Even briefly exercising for 20 minutes facilitates information processing and memory functions. But it’s not just that–exercise actually helps your brain create those new neural connections faster. You will learn faster, your alertness level will increase, and you get all that by moving your body.

Now, if you are not already a regular exerciser, and already feel guilty that you are not helping your brain by exercising more, try a brain training exercise program like Exercise Bliss.

Remember, just like we discussed in #2, by training your brain to do something new repeatedly, you are actually changing yourself permanently.

6. Spend time with your loved ones

If you want optimal cognitive abilities, then you’ve got to have meaningful relationships in your life.  Talking with others and engaging with your loved ones helps you think more clearly, and it can also lift your mood.

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If you are an extrovert, this holds even more weight for you. At a class at Stanford University, I learned that extroverts actually use talking to other people as a way to understand and process their own thoughts.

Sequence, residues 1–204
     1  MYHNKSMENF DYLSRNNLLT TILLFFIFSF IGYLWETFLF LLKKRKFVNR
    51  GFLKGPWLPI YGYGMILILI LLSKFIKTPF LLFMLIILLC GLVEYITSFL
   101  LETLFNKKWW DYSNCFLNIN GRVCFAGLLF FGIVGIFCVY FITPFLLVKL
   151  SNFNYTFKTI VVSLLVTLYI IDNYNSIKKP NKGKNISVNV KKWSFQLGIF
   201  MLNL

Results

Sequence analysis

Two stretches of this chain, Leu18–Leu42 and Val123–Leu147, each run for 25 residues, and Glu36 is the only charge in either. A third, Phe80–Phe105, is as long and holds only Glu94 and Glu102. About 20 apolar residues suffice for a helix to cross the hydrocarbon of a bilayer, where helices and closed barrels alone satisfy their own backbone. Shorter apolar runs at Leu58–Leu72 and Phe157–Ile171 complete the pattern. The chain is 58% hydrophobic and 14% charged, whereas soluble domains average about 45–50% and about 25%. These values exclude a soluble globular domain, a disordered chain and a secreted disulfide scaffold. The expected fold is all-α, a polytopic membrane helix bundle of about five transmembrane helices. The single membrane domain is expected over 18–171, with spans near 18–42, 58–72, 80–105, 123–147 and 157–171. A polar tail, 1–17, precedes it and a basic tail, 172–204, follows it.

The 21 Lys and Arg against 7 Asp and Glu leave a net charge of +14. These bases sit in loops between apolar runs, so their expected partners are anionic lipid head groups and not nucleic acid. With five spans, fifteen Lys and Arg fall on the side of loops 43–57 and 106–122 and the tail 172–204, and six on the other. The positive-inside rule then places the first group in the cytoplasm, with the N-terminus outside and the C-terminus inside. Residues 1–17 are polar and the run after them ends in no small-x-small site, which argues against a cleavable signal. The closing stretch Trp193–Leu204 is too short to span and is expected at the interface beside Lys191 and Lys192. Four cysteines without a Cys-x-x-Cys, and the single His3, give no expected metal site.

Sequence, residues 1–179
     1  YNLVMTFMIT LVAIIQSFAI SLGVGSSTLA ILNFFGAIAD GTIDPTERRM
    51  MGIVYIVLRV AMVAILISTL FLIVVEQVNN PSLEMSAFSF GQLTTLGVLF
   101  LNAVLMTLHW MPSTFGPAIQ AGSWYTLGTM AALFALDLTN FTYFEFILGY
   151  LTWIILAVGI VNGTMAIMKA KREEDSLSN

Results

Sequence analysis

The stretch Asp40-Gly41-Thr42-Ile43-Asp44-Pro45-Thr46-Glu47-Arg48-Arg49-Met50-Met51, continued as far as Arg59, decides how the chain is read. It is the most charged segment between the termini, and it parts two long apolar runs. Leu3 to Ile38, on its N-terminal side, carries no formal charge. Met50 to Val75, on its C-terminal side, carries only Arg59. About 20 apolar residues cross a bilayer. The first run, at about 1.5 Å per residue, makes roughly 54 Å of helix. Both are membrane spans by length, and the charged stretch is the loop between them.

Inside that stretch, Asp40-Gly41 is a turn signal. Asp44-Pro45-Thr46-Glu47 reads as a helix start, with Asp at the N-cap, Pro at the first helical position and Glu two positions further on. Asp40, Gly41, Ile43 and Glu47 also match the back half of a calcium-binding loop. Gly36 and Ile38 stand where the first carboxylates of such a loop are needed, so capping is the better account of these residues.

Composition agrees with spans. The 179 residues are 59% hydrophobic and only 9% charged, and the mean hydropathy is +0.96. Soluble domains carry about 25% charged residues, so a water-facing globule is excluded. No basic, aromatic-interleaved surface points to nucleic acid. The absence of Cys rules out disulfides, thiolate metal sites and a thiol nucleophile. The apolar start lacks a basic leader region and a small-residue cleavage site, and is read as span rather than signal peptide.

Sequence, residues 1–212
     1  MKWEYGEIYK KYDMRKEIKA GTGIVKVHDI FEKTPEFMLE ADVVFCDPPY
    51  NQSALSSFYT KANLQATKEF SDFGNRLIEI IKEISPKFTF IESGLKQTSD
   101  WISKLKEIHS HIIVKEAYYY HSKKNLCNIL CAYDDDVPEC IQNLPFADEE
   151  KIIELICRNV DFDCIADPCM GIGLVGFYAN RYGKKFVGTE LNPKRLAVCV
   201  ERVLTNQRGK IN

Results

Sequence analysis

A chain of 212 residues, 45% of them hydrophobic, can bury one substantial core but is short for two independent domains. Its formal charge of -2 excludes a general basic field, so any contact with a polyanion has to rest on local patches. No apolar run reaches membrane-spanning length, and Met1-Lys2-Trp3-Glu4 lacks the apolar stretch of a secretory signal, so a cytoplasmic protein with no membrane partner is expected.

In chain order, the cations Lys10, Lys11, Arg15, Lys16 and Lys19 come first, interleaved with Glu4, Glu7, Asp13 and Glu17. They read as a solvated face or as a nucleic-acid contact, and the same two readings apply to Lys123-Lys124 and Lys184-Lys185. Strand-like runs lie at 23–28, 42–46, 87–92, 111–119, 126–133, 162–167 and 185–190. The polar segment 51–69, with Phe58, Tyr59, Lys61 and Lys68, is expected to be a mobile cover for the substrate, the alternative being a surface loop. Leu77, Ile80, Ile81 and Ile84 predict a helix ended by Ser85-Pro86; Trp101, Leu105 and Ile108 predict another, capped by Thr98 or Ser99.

I remember that the teacher told us that after a personality test said she was an extrovert, she was surprised. She had always thought of herself as an introvert. But then, she realized how much talking to others helped her frame her own thoughts, so she accepted her new-found status as an extrovert.

7. Avoid crossword puzzles

Many of us, when we think of brain fitness, think of crossword puzzles. And it’s true–crossword puzzles do improve our fluency, yet studies show they are not enough by themselves.

Are they fun? Yes. Do they sharpen your brain? Not really.

Of course, if you are doing this for fun, then by all means go ahead. If you are doing it for brain fitness, then you might want to choose another activity

8. Eat right – and make sure dark chocolate is included

Foods like fish, fruits, and vegetables help your brain perform optimally. Yet, you might not know that dark chocolate gives your brain a good boost as well.

When you eat chocolate, your brain produces dopamine. And dopamine helps you learn faster and remember better. Not to mention, chocolate contains flavonols, antioxidants, which also improve your brain functions.

So next time you have something difficult to do, make sure you grab a bite or two of dark chocolate!

The bottom line

Now that you know how to train your brain, it’s actually time to start doing.

Don’t just consume this content and then go on with your life as if nothing has changed. Put this knowledge into action and become smarter than ever!

Featured photo credit: Unsplash via unsplash.com